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Can You Work Part Time on SSI?

The Social Security Administration (SSA) has two disability benefit programs. SSDI or Social Security Disability Insurance is regular disability, and SSI, or Supplemental Security Income helps low income, elderly and disabled people. SSI is a basic needs program providing money for food, clothing and shelter.

The program is needs-based and has very low income requirements in order for a person or family to qualify.
Can you work part time on SSI? Many clients ask this question. The answer is “yes”, as long as your wages and assets remain under the SSI income threshold.
The simplest case is when your only income comes from a job. It complicates matters when you have other sources of income, such as rental properties or stock income.

To receive benefits, you can’t own any meaningful assets–$2,000 per individual and $3,000 per couple or family. SSA calls these disposable assets, and they include bank account holdings, stock ownership, cash, property ownership, household goods, and life insurance policies. Owning a home and a single automobile are considered necessities and are excluded from your asset list. PASS (Plan for Achieving Self Support) savings accounts, and wedding rings, are also excluded, as is any savings put aside for burial needs.

SSI’s income limit is based on the monthly federal benefit rate (FBR)–$735 for individuals and $1.103 for couples or families.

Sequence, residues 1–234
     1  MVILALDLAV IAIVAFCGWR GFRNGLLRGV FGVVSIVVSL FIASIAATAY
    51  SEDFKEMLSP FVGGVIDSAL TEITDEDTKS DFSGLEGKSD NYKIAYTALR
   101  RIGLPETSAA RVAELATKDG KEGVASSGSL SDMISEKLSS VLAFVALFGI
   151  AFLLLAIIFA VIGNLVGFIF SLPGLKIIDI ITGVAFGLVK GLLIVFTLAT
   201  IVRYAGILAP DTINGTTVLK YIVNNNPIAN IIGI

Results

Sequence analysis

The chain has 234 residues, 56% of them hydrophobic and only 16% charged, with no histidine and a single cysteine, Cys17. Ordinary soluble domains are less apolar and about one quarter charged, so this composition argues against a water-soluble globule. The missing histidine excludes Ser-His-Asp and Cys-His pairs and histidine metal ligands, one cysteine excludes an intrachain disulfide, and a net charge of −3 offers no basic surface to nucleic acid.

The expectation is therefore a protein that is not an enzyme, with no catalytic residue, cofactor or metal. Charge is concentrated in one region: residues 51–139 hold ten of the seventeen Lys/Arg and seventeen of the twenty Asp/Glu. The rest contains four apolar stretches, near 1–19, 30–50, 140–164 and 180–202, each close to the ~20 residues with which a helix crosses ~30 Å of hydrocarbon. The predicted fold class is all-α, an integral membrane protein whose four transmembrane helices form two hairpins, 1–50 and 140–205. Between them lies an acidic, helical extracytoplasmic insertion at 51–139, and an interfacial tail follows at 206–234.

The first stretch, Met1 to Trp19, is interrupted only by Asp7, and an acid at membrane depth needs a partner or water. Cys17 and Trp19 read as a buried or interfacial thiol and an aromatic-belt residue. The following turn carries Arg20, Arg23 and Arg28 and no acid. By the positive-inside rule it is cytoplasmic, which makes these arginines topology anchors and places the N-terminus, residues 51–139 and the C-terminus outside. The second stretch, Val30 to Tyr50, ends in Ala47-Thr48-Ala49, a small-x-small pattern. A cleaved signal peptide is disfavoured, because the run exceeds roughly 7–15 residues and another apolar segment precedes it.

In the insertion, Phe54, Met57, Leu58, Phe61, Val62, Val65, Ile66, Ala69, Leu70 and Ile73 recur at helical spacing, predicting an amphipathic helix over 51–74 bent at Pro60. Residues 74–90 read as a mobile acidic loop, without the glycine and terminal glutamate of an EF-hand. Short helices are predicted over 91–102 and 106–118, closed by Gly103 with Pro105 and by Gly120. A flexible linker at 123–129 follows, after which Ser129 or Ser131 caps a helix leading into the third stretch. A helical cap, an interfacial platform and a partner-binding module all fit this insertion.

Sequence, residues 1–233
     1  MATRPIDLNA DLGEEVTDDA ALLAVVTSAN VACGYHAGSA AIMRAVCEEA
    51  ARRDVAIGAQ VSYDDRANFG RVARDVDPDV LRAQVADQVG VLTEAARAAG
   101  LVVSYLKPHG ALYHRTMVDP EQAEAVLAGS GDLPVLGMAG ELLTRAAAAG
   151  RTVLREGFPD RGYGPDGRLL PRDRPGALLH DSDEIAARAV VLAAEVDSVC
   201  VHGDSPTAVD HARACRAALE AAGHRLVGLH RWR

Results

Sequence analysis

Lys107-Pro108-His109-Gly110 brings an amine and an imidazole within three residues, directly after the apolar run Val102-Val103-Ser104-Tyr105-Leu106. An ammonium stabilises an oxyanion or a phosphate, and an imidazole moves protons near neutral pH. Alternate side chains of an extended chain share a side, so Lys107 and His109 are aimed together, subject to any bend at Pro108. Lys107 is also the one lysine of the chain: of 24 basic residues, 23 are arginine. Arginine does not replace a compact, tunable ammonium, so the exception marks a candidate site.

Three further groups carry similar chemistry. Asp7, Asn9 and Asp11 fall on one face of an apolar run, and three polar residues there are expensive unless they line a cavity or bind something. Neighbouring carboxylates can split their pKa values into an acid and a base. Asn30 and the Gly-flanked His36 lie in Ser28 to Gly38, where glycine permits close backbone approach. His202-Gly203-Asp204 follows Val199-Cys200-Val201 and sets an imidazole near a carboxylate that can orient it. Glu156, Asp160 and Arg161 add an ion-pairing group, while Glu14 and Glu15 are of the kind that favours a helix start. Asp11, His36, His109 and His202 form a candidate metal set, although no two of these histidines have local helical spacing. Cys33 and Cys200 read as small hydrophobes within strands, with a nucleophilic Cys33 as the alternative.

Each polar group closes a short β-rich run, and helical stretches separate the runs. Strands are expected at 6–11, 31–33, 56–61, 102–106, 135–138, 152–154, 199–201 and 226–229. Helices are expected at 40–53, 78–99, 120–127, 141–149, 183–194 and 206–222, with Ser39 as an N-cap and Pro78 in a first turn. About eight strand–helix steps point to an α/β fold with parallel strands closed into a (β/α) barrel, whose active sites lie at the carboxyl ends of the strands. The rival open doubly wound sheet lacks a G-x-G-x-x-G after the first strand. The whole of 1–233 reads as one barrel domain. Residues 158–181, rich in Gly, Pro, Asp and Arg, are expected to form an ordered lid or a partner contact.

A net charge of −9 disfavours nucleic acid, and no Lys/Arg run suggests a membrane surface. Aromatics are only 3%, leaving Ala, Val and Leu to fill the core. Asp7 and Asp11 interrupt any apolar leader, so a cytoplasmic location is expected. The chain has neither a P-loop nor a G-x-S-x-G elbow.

The SSA classifies income as either earned or unearned. Earned income is money that comes from a job. Your spouse’s income is also considered earned “deemed” income because you benefit from part or all of that money.

Other benefits, like Social Security, child support or alimony, veteran benefits or any pension, are deemed unearned (passive) income.

SSA will also consider in-kind income, meaning food or shelter that you are receiving from someone other than the government (a church, homeless shelter, or family member). If you are living rent-free, or getting food from a shelter, it counts as income.

Certain states provide their own assistance—ranging from $10 to $400 per month–in addition to the federal SSI supplement; SSI will generally subtract your state amount from the federal amount they are willing to pay you.

The bottom line is to qualify for SSI, your countable monthly income cannot exceed the FBR, but every year, the SSA changes the rules about what counts, so it is difficult to know whether you qualify. This is why hiring representative for SSI cases can help, so call us today.

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